Sources of Natural Probiotics: Kefir
While there are many ways to get your daily dose of probiotics, natural is always best. Natural probiotics are less easily found in our modern diets than in the ancient eating patterns of our forbears, however. This may well be part of the reason why so many so-called “lifestyle diseases”, such as diabetes and heart disease are on the rise.
Even so, probiotics occur naturally in some of our foods. Foods like yoghurt, sauerkraut, and kimchi are rich sources of the good bacteria that keep our bodies running like clockwork.
However, few sources of natural probiotics pack the nutritional punch of kefir. In fact, even expensive, prepackaged supplements from fancy pharmaceutical stores can’t often match the value of kefir.
What is Kefir?
Kefir is a drink made by, essentially, fermenting milk. The resulting beverage is full of enzymes and literally bursting with natural probiotics - and prebiotics, which the probiotics need to survive and grow.
Kefir’s origins have been traced to ancient Russia, although alternative religious texts credit the creamy substance with the biblical patriarch Abraham’s longevity and robust good health. Kefir is also known colloquially by a number of different titles, including, “Drink of the Prophet”, “Snow us”, “Tibetan Mushroom”, “Balm of Gilead”, “Yogurt Plant”, “California Bees L ot”, kombucha, tibcos, and “Yogurt Mushroom”.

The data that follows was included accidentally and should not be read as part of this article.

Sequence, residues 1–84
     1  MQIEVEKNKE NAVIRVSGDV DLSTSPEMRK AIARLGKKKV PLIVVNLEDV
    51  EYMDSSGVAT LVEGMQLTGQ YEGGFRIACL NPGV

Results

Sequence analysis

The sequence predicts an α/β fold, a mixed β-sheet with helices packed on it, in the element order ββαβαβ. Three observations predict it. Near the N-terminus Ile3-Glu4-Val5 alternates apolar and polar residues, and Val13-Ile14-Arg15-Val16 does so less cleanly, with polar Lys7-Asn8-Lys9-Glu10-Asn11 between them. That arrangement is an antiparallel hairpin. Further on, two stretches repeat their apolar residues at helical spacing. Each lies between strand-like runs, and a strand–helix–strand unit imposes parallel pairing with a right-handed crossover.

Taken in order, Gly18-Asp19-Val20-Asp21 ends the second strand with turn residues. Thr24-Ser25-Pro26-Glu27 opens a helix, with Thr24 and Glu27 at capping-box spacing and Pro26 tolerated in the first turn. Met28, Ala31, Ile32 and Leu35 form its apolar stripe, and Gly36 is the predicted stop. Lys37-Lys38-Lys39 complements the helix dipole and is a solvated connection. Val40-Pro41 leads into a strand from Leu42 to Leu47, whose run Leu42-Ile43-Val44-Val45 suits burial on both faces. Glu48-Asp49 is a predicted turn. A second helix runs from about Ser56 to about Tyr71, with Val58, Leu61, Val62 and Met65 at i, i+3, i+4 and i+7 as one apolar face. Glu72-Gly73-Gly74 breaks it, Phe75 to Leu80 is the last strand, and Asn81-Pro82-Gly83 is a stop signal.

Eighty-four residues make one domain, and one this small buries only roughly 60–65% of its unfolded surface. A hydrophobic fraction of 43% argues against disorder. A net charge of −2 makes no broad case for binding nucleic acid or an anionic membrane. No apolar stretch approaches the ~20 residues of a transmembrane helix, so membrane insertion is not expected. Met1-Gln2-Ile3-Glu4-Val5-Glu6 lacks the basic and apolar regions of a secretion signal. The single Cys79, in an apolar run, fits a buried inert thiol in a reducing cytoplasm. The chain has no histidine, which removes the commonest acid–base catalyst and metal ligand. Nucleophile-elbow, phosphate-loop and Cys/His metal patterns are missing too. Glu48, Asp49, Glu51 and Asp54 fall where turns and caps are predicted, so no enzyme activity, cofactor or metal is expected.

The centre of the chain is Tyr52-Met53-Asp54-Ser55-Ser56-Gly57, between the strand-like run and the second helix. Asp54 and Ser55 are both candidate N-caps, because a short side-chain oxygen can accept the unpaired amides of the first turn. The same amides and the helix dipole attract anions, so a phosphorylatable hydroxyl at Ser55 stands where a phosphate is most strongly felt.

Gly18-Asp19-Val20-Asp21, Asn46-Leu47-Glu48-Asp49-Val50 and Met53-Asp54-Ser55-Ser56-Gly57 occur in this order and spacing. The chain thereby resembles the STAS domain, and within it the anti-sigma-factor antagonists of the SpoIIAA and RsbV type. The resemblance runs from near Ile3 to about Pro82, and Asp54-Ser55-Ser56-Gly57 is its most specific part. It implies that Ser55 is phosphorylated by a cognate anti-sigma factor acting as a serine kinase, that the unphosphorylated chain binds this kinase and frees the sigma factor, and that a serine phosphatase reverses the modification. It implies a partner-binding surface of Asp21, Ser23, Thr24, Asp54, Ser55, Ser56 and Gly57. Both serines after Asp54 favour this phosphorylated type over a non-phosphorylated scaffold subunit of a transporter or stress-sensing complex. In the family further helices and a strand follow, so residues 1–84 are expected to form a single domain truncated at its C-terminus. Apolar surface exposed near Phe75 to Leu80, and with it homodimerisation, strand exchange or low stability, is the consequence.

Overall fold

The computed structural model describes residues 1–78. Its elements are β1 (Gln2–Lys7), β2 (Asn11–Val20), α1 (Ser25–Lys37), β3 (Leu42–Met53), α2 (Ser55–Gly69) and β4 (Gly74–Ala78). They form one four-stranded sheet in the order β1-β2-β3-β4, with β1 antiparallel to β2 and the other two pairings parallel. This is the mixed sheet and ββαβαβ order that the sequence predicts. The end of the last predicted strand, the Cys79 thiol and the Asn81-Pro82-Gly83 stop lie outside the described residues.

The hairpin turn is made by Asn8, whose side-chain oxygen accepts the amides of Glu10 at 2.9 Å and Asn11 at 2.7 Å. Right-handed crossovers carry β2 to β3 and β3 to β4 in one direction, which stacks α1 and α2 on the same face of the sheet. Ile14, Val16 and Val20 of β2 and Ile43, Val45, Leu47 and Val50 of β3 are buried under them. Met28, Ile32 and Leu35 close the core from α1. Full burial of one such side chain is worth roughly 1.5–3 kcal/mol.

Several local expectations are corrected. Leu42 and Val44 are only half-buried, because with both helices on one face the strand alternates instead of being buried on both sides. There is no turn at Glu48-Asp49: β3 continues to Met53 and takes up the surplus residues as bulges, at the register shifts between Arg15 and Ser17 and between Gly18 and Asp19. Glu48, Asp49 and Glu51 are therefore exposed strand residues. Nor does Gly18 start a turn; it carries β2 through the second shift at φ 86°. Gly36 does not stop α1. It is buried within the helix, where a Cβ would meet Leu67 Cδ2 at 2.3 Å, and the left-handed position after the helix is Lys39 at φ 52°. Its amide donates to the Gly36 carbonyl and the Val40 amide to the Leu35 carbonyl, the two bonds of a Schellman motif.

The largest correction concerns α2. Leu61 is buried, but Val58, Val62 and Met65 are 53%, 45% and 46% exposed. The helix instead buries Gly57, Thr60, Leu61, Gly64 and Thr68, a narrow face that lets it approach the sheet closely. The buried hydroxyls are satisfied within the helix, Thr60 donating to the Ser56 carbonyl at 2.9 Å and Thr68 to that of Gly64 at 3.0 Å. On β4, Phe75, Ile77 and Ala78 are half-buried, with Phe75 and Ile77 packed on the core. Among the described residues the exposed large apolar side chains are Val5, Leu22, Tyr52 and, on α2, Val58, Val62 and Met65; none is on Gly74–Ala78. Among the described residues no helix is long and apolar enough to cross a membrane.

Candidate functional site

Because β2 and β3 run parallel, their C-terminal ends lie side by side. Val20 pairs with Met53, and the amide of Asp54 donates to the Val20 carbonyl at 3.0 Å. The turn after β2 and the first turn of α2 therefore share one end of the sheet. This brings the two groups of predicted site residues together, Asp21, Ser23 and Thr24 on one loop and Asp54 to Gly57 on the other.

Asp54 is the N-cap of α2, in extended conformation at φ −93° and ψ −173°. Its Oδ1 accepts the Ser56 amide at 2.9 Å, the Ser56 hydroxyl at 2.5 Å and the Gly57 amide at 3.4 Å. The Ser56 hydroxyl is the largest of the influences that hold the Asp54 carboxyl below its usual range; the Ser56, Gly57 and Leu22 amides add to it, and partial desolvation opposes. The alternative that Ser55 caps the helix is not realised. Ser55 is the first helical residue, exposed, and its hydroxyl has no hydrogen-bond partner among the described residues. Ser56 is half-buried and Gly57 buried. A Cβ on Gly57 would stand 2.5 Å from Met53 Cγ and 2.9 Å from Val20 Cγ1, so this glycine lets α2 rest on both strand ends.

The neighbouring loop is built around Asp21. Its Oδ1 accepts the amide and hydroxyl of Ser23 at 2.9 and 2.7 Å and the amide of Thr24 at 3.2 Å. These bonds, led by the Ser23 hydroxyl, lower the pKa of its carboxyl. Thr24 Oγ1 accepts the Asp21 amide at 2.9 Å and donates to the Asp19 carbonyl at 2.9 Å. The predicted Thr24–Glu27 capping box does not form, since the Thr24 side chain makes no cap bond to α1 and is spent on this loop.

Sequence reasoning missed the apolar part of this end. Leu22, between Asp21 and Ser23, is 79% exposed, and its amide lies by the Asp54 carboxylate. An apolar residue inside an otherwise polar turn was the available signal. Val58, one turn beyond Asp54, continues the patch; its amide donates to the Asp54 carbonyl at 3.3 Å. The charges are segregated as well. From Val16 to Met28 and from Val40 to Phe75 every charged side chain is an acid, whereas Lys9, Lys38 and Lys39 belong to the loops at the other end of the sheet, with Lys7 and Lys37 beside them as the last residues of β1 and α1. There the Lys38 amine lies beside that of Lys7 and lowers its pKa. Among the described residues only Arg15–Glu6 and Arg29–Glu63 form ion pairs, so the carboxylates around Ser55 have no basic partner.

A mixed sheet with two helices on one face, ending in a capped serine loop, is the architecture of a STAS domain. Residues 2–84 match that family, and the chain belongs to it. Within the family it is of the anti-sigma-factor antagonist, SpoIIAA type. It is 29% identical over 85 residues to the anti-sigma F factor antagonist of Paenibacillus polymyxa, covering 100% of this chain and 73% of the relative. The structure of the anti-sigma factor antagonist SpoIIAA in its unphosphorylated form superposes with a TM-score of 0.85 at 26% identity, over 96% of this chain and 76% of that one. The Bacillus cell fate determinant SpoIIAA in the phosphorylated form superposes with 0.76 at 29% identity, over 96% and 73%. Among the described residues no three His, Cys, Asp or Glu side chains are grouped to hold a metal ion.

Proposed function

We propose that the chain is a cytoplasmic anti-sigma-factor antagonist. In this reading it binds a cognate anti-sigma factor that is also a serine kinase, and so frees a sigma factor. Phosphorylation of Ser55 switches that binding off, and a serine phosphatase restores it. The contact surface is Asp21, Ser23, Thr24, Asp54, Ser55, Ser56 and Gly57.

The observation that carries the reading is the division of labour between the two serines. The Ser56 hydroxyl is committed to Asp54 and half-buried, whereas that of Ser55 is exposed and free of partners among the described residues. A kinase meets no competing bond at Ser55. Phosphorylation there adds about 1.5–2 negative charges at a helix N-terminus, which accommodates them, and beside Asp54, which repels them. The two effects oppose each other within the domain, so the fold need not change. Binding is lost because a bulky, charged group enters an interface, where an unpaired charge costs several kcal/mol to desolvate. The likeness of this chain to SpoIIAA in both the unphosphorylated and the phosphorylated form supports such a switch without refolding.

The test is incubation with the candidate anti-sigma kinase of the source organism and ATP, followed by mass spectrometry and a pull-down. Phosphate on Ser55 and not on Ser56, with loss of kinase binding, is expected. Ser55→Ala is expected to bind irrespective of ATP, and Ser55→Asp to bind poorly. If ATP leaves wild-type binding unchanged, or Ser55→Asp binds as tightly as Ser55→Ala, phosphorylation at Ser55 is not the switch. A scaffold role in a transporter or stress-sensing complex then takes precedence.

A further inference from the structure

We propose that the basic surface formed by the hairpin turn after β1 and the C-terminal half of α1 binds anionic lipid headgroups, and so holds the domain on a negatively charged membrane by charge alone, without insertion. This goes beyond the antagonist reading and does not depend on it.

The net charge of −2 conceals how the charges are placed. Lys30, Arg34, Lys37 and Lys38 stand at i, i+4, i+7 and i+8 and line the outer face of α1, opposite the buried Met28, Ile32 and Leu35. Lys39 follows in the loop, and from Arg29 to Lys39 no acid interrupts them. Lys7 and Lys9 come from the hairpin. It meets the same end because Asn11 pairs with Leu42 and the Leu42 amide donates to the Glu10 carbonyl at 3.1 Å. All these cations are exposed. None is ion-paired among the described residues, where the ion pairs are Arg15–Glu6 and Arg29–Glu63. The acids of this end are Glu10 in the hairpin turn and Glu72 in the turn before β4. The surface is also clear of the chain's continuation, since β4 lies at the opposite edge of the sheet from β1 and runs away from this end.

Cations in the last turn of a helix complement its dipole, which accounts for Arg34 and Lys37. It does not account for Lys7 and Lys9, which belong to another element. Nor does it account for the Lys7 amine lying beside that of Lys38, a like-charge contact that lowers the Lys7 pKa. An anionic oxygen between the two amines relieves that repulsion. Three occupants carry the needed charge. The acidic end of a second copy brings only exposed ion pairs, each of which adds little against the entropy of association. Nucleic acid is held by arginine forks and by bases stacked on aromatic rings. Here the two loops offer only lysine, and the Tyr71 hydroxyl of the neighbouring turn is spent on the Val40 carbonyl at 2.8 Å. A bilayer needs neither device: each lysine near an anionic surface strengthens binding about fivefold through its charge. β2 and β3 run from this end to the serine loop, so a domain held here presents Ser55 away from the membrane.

Kefir starts out as kefir grains. They initially have a faintly crystalline appearance - a bit like coarse grains of salt. But once you start using these grains to ferment your milk, they quickly take on a more cauliflower-like appearance. As The Walking Encyclopedia explains, “These “grains” are actually not grains but is a delicate combination of beneficial yeast and bacteria.”
The history of this health-giving plant is steeped in mystery and folklore. It seems that ancient shepherds discovered that their fizzy, accidentally-fermented milk gave them energy and seemed to protect them from illness. They strained out the cheesey, cauliflower-y substance at the bottom of their milk pouches, and discovered that adding it to fresh milk had the same beneficial effects.
Kefir can be bought in health shops and organic food shops. The beauty of this active little organism, though, is that it grows fairly fast. This means that if you know someone who has some, pretty soon they should have some to spare. You can easily get a tablespoon of kefir grains from a friend, and use these to start your own kefir production plant.
How does kefir compare to yoghurt?
The website kefir.net is a found of useful information. They describe the differences between yoghurt and kefir:
“Both kefir and yoghurt are cultured milk products but they contain different types of beneficial bacteria. Yoghurt contains transient beneficial bacteria that keep the digestive system clean and provide food for the friendly bacteria that reside there. But kefir can actually colonise the intestinal tract, a feat that yoghurt cannot match.”